Sanofi vet Kather­ine Bowdish named CEO of PIC Ther­a­peu­tics; As the world Terns: Liv­er dis­ease biotech makes ex­ec­u­tive changes

PIC Therapeutics hasn’t raised much money, yet. But the fledgling biotech has attracted a high-profile player to the helm.

The Boston-based biotech has handed the reins to Katherine Bowdish as its president and CEO. Bowdish will also join the board of directors of PIC. Bowdish joins from Sanofi where she served as VP and head of R&D strategy, as well as helping launch and lead Sanofi Sunrise, a venture investment and partnering vehicle at Sanofi. Before that, Bowdish held several exec roles at Permeon Biologics, Anaphore, Alexion Pharmaceuticals and Prolifaron (acquired by Alexion).

Martin Shkreli (Shutterstock)

Mar­tin Shkre­li con­tin­ued to or­ches­trate an­ti-com­pet­i­tive schemes for Dara­prim be­hind bars — FTC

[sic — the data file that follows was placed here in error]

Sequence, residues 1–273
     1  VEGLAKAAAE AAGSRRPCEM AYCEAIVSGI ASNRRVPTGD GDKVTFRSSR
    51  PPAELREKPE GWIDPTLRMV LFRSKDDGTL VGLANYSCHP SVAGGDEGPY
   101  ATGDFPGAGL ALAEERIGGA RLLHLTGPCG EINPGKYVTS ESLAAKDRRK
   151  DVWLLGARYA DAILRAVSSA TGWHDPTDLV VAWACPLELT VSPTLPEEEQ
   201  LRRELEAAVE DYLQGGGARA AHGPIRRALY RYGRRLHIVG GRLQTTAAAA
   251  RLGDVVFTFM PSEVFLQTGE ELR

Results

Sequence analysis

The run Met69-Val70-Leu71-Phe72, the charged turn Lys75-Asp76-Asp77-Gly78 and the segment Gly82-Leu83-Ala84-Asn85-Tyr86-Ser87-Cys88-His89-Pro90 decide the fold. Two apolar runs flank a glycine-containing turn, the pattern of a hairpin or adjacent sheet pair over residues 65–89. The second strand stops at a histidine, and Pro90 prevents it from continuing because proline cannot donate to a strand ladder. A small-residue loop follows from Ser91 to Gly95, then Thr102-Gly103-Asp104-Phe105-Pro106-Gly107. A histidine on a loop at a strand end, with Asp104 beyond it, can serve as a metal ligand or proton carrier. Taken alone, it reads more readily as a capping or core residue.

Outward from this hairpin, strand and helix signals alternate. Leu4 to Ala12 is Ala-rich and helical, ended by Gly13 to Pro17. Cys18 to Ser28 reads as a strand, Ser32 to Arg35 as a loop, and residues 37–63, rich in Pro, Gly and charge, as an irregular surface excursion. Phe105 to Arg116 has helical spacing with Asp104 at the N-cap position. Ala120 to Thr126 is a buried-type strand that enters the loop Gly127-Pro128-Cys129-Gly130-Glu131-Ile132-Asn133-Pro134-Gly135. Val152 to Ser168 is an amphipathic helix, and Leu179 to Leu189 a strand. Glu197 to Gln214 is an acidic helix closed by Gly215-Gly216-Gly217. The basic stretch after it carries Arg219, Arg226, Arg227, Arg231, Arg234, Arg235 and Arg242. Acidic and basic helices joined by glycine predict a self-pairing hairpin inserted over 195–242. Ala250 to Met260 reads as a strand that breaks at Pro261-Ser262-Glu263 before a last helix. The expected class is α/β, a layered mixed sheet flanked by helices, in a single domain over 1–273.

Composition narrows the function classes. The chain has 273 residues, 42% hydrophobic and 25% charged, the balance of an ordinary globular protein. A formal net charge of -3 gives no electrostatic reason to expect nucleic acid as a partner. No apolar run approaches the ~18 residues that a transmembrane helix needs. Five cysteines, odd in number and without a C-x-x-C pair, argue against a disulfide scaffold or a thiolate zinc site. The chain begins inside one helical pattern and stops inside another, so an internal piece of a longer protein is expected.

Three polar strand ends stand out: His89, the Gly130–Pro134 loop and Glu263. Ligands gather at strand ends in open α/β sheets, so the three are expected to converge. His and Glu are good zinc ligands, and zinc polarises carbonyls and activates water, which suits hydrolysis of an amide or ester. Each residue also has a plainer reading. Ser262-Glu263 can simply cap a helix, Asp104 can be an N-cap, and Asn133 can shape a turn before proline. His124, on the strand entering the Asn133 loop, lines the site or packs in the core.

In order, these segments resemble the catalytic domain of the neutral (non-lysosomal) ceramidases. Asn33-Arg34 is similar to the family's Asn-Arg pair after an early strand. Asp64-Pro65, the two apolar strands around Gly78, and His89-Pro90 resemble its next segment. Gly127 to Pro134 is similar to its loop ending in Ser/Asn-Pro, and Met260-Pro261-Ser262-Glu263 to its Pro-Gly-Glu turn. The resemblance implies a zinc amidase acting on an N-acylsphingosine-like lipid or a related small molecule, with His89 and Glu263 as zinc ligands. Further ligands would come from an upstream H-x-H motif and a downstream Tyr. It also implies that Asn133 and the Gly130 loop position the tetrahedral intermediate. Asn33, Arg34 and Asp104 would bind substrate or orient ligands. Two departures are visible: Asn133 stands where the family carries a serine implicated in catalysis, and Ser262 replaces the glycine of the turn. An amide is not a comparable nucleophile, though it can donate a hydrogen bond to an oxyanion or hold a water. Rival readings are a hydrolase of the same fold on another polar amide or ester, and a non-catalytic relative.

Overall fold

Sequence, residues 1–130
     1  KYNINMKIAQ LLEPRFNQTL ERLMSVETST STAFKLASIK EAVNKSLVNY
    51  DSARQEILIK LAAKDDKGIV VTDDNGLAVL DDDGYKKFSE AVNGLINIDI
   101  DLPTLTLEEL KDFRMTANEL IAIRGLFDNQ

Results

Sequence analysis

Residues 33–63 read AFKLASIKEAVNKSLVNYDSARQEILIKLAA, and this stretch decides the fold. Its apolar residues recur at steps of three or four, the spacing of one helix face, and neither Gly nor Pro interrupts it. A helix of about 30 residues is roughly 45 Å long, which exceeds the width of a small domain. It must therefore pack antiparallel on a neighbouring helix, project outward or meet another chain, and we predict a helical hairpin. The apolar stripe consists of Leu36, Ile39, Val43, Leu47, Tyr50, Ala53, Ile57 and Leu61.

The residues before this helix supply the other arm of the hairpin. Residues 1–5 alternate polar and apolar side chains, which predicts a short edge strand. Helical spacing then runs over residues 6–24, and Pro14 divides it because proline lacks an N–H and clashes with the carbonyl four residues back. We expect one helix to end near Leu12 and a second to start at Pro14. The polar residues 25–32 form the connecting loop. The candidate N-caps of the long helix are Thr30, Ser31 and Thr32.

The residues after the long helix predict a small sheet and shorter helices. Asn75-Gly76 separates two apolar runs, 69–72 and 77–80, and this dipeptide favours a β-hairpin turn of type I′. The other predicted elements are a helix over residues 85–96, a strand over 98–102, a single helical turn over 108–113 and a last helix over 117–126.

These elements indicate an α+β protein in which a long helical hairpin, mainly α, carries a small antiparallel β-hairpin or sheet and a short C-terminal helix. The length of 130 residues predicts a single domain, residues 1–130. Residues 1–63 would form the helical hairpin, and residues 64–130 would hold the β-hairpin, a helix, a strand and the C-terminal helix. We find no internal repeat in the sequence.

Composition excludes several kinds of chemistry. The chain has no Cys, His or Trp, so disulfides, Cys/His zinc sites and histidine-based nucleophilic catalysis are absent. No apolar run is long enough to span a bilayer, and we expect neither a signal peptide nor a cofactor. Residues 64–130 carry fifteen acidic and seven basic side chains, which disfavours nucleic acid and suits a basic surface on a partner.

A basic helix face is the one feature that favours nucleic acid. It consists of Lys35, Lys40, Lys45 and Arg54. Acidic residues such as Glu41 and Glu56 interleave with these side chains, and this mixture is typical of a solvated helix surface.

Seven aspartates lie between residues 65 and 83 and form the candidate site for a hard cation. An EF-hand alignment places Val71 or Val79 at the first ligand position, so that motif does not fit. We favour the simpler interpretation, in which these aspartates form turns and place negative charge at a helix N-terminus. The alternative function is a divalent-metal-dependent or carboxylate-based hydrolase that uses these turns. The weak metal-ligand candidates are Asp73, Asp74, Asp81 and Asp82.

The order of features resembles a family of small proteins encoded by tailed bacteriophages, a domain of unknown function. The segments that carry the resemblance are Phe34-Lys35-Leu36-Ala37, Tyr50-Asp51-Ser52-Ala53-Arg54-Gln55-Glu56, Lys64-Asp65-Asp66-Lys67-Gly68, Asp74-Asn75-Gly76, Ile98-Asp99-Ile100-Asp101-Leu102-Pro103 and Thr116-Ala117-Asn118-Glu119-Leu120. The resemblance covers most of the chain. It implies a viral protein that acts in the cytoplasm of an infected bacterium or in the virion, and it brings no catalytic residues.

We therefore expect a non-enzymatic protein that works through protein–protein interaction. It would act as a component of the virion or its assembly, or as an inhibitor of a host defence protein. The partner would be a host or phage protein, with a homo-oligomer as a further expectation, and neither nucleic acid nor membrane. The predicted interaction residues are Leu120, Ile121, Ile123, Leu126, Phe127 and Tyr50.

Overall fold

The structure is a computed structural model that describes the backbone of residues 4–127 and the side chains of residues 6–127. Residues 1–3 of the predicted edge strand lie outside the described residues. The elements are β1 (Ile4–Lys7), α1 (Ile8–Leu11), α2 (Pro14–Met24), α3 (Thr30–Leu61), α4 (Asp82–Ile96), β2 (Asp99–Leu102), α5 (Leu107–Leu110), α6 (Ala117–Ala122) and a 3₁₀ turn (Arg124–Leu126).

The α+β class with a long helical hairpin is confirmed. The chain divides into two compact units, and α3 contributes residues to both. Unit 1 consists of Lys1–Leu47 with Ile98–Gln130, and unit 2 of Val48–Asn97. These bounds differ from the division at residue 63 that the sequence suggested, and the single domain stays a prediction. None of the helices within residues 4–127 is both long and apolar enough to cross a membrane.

Martin Shkreli didn’t just blog, read up on drug development news and run his biotech business with a contraband cell phone in prison. According to the FTC, he was also coordinating the anticompetitive scheme to shield Daraprim — the drug at the center of a price-gouging controversy that earned him the “Pharma Bro” nickname — from generic rivals.

Back in January the FTC, together with New York’s attorney general, launched a federal lawsuit against Shkreli, who’s now serving a 7-year sentence for defrauding investors in his hedge fund, alleging that he effectively created a drug monopoly. While Shkreli’s notorious move to raise the per tablet price of Daraprim from $17.50 to $750 was perfectly legal, the tactics he allegedly deployed to box out competitors weren’t.

Clockwise from left: Canaccord Genuity principal Michelle Gilson, Canaccord Genuity CSO Brian Mueller and BioMarin CSO Hank Fuchs (Canaccord Genuity webcast)